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$26.1 million personal injury settlement, possibly largest ever in Pa., reached in tractor-trailer death suit

By Jon Campisi | Jun 13, 2012

What’s believed to be the largest personal injury settlement ever in Pennsylvania was

reached last week between a cheese products company and the family of man who was killed after the vehicle he was riding in was rear-ended by a tractor-trailer on a central Pennsylvania highway.

Philadelphia personal injury lawyers Alan M. Feldman, Daniel J. Mann and Edward S. Goldis, of the firm Feldman Shepherd Wohlgelernter Tanner Weinstock & Dodig, negotiated the $26.1 million settlement in the case of Sneeringer v. GLC Transportation, according to a statement from the plaintiff’s firm announcing the settlement.  

James R. Melinson of JAMS served as the mediator in the case.

The case was initiated back in June 2011 when Gettysburg, Pa. residents Peter M. Sneeringer II, Kathryn Sneeringer and Dorcas Cook filed suit at Philadelphia’s Court of Common Pleas against GLC Transportation Inc. and Great Lakes Cheese Co. of Ohio, as well as Great Lakes Cheese of New York and Sandy Lake, Pa. resident Spencer Chapman.

According to the complaint, Kathryn Sneeringer was driving her 2004 Toyota Matrix eastbound on Interstate 80 on July 6, 2010, a little after 5 in the evening, when, while stopped in traffic, her vehicle was struck from behind by Chapman, who was operating a tractor-trailer owned by GLC.

David Cook, who was Kathryn Sneeringer’s father, and was riding in his daughter’s vehicle at the time of the crash, was killed instantly, while Peter and Kathryn Sneeringer suffered “catastrophic injuries.”

The Sneeringer family’s two dogs, which were in the plaintiffs’ vehicle at the time, also perished in the crash.

The lawsuit claimed that Chapman was driving at an excessive rate of speed, causing him to “completely and recklessly” lose control of the large vehicle and strike the plaintiff’s car.

Upon seeing traffic stopped up ahead, Chapman quickly changed lanes, at which point he struck the Toyota in the rear, the suit states.

As a result of the accident, Peter Sneeringer was entrapped in the vehicle, and he suffered multiple head injuries, leaving him in a comatose state.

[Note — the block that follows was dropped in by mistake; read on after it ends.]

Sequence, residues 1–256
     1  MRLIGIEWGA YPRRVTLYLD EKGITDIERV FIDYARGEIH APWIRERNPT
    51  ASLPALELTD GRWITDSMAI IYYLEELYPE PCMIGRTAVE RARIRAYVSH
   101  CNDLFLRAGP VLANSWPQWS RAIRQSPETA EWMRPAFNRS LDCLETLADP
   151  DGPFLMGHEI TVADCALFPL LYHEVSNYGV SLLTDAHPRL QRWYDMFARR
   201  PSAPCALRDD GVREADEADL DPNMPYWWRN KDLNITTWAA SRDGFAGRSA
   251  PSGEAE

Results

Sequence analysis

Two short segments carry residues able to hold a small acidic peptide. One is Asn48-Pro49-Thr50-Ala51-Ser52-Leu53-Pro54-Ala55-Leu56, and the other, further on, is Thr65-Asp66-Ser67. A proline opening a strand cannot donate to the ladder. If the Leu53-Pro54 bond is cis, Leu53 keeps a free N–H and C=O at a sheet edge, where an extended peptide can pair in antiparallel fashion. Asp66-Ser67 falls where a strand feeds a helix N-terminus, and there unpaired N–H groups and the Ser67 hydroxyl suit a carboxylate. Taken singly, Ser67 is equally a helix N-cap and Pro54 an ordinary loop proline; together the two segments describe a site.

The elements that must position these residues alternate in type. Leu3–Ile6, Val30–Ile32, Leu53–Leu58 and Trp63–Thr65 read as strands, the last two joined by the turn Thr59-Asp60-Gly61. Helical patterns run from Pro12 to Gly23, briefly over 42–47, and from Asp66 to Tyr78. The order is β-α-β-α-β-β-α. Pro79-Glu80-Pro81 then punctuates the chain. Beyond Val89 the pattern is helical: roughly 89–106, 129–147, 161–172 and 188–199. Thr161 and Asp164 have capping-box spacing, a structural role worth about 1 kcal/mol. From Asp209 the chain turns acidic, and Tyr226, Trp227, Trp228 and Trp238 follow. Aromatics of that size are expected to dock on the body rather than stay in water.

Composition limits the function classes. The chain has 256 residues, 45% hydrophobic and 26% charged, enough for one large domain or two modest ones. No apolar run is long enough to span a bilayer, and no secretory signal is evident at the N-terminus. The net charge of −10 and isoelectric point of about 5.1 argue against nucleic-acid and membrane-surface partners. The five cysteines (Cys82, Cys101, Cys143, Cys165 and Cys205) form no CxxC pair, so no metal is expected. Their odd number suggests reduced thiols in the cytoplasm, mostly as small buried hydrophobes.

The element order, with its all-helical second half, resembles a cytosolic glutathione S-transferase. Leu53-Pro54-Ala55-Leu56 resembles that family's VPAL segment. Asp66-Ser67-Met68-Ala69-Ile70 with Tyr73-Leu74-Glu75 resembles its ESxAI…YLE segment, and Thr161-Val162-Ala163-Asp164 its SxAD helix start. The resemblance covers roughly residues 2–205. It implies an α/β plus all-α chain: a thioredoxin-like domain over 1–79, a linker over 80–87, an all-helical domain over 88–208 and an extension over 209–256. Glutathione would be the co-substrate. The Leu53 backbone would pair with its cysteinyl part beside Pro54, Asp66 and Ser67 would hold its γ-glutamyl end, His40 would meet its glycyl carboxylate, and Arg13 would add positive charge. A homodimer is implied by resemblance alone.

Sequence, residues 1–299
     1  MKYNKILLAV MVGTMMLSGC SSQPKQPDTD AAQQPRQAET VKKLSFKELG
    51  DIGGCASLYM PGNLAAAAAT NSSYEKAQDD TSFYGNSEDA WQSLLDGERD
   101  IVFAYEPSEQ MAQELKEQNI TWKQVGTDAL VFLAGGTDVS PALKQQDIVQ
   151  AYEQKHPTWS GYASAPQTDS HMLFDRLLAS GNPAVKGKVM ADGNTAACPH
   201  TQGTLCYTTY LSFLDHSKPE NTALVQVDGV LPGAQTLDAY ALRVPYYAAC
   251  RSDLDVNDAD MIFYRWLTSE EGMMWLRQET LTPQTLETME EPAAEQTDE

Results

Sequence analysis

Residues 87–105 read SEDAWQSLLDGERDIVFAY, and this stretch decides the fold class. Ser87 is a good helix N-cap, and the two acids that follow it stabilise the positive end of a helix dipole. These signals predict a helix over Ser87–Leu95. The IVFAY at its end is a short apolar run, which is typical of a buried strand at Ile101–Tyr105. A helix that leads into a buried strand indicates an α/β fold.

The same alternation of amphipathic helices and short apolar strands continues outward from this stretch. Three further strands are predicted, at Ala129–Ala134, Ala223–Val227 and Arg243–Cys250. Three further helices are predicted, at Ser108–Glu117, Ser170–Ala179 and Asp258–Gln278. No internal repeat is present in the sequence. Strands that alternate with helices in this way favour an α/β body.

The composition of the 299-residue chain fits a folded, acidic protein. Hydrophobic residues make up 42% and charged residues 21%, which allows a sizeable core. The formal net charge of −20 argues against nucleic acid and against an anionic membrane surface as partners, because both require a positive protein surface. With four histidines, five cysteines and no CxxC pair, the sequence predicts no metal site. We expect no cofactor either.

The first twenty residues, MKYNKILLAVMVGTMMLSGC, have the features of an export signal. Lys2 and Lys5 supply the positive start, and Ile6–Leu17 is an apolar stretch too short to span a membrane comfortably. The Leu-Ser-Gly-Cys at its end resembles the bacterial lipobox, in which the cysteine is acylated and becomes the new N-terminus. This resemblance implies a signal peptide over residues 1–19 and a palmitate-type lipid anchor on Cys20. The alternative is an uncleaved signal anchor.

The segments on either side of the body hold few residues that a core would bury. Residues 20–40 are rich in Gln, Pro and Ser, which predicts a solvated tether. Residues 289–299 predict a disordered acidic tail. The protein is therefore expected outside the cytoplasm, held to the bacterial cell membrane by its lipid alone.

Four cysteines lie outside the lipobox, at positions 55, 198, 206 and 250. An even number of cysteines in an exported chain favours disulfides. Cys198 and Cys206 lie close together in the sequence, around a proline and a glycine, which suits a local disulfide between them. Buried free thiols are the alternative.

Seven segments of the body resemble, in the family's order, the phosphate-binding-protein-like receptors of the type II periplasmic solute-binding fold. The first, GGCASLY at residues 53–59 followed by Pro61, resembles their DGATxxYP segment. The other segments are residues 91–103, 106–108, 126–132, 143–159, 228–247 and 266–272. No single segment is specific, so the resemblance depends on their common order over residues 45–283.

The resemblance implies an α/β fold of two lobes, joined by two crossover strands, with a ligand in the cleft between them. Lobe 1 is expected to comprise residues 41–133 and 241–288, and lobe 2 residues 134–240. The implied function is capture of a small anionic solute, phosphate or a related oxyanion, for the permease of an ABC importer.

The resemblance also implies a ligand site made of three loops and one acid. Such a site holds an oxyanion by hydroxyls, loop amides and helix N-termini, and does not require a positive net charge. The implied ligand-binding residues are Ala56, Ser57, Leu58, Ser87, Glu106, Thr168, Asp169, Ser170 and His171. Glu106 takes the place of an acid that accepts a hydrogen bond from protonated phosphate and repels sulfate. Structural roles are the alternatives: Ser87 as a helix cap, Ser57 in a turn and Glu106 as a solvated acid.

He ended up sustaining permanent brain damage, along with extensive cognitive, physical and emotional consequences that are permanent in nature, the lawsuit claimed.

Kathryn Sneeringer sustained multiple lacerations and contusions, three rib fractures, a liver laceration, multiple vertebral fractures and other physical injuries.

The suit contained wrongful death and loss of consortium counts on the part of Dorcas Cook, who lost her husband in the accident.

Plaintiffs’ attorney Feldman praised the settlement.

“This is a case in which reckless driving caused a family to suffer appalling death and destruction,” the lawyer said in a statement. “Our clients are wonderful people who have endured a terrible loss for which they are still grieving. We are privileged to have had the opportunity to represent Dori, P.J. and Katie and to help achieve some small measures of justice for them.”

The defendants were represented by attorneys Chester A. Dudzinski, Salvatore Vilardi and Judith A. Moses, of the firm Cipriani & Werner, which has offices in Philadelphia and Pittsburgh.

At the time of the accident, traffic was supposedly stopped due to road construction.

The lawsuit had claimed that Chapman, the tractor-trailer operator, told Pennsylvania State Police following the accident that sun glare had affected his view of the roadway, and explained why he was unable to see the stopped vehicles ahead of him.

Chapman went on to say that he was “unaware he had impacted any other vehicles during this accident sequence until he exited his tractor trailer and was informed of same.”

On the sun glare argument, plaintiffs’ attorneys disputed Chapman’s assertion, writing in their suit that Chapman was heading eastbound at the time, making his statement a “complete fabrication,” given that the sun sets in the west.

“Defendant Chapman’s failure to recall the impact, and failure to describe the accident with precision is an indication that he was either not alert, or was asleep at the wheel immediately prior to the accident,” the suit stated.

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